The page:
From the non-profit part of Kaiser, which runs a well-respected health poll, via the Hill:
Americans view Democrats’ signature health reform bill more positively now than at any point since it was signed into law, a new poll found Thursday.
50 percent of the public say they view the new healthcare law favorably, according to a Kaiser Family Foundation poll that has been tracking public opinion about the legislation since it became law.
The July numbers mark the strongest support for reform since it reached a low in May, when the Kaiser poll found the public opposed the law 44-41 percent.
Independents, for example, are fav/unfav 29/26, similar to the overall 29/25. And note the numbers for repeal (only 27% want that, even though it's the GOP's position.
The poll also took a closer look at the views of seniors since they are often assumed to have a uniform view about issues. Below are some of the poll’s key findings about seniors’ views:
While seniors’ views of the new law are more negative than those of their younger counterparts, they remain roughly split about the law with 46 percent of seniors holding an unfavorable view of the law and 38 percent holding a favorable one. While 35 percent of seniors think they will be worse off under reform, a greater share (57%) say they will be better off (20%) or it will make no difference (37%).
Seniors’ awareness about the specific provisions of the health reform law that affect Medicare is mixed. For example, about half are aware that the new law will result in premium increases for some higher income Medicare beneficiaries (52%) and gradually close Medicare’s “doughnut hole” (50%). However, just a third (33% ) know the law will eliminate Medicare’s co-pays and deductibles for some preventive services.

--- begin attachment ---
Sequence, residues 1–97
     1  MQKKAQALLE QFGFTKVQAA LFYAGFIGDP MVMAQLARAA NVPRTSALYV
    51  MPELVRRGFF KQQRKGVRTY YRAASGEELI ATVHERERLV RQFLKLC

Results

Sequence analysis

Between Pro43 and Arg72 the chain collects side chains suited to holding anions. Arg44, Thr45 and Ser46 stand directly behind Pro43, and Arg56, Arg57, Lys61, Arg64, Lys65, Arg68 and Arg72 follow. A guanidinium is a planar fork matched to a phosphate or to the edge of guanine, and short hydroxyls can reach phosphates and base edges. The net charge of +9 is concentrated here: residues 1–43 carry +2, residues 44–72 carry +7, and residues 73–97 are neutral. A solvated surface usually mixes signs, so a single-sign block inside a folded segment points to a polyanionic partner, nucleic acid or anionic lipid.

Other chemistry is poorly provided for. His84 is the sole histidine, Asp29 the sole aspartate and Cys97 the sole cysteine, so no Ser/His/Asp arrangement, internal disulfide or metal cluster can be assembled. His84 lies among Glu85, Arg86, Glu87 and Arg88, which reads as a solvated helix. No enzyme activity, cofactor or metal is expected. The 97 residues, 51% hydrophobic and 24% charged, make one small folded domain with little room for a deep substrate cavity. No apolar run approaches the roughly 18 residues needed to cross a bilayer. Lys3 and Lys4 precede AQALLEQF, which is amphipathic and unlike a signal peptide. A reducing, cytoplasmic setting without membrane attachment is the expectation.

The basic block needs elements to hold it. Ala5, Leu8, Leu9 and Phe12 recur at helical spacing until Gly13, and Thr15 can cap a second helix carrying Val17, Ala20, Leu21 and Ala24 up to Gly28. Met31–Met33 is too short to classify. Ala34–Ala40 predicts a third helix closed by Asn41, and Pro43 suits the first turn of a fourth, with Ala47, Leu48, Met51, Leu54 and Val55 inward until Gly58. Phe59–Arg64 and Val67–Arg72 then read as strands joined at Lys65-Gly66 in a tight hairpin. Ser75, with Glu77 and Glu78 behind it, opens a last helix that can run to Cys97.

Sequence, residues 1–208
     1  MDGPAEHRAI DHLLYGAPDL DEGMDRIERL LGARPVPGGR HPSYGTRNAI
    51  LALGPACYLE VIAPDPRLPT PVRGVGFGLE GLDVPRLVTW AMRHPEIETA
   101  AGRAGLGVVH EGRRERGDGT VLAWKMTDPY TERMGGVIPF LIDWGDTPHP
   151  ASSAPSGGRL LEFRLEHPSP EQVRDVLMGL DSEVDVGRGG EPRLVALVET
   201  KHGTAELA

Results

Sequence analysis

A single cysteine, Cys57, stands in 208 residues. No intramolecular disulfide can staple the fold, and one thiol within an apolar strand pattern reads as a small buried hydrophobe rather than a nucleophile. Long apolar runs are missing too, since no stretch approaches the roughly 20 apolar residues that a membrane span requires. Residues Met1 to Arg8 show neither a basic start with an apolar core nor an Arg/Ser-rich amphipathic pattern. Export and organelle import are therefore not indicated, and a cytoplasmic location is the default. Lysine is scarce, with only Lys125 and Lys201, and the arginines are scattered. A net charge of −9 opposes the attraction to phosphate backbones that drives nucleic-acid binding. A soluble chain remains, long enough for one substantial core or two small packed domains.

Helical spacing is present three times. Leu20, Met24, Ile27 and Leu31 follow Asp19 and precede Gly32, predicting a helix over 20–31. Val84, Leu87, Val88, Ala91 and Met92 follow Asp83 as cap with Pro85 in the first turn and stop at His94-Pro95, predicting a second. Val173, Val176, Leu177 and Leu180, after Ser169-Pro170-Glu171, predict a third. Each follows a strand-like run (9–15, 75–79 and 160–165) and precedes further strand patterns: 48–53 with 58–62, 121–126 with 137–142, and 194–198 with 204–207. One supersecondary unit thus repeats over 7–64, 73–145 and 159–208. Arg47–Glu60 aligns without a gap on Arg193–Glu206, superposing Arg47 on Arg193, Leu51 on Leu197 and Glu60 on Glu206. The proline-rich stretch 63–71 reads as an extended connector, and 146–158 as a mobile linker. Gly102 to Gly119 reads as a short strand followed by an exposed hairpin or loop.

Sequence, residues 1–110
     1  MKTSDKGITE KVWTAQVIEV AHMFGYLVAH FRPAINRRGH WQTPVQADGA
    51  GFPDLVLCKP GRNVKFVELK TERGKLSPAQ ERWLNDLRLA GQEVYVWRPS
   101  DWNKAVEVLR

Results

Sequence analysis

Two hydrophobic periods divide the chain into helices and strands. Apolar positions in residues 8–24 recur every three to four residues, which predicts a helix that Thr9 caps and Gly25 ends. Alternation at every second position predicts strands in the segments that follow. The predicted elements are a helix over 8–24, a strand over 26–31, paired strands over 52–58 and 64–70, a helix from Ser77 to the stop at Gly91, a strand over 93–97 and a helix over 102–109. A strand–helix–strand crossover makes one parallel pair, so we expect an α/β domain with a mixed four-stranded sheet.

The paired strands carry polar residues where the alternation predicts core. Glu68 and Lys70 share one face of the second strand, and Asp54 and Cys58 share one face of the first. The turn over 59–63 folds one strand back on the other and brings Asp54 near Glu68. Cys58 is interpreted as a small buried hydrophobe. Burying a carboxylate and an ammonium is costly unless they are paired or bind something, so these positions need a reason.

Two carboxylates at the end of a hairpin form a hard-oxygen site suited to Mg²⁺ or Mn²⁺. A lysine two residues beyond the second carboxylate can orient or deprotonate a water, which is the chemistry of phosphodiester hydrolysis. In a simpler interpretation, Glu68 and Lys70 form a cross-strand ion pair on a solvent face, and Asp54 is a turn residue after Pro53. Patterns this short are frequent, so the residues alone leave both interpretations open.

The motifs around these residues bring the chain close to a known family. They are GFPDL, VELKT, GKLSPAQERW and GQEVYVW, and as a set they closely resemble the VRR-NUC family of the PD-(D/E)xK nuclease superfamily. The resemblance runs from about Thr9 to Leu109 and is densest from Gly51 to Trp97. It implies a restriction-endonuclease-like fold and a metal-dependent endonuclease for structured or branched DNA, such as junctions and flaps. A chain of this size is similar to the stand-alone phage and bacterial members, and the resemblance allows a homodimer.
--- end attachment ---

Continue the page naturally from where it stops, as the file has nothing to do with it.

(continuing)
And the WaPo's Behind the Numbers also slices and dices senior attitudes:
Seniors have long been more negative than younger adults toward the changes, and the new poll takes a deeper look at the reasons behind their opposition to the bill. A majority (52 percent) of seniors describe themselves as "disappointed" about the bill; 45 percent say they are "confused" by it and 42 percent are "anxious."
The poll suggests that older Americans' negative feelings about the bill may rest on perceptions that it will make it more difficult and expensive for those on Medicare to access health care. More than three-quarters of those age 65 and over who hold negative views of the new law say it will weaken the Medicare system and its financial backing, make it harder for those on Medicare to find a doctor who is willing to see them or to get needed health care, and increase out of pocket costs for seniors.
Overall, you can see why Republicans fought this tooth and nail. Once it's passed, and people find out what is in it, they tend to like it. And repealing it is a fool's errand.
Politico reports that business groups are preparing ads for the November elections and some are targeting health reform. "The U.S. Chamber of Commerce has already vowed to invest $75 million in the mid-term elections. And health insurers are also planning to play big in November, although the specifics remain in flux. ... Both America's Health Insurance Plans (AHIP) and its Coalition for Medicare Choices are expected to play a major role in the messaging, along with individual companies. But neither group, according to sources, plans to directly attack Democrats, which would risk infuriating the White House as it writes reform regulations as well as the Blue Dog Democrats who opposed the legislation." Likely ads include those targeted to seniors in the Medicare Advantage program "explaining it was health reform – not insurers – that is responsible for their higher bills and slashed benefits, one industry official said" (Cummings and Frates, 7/28).
Expect Republicans to try and scare seniors, but from the numbers, the public is nonetheless coming around to view health reform positively, and repeal is going nowhere.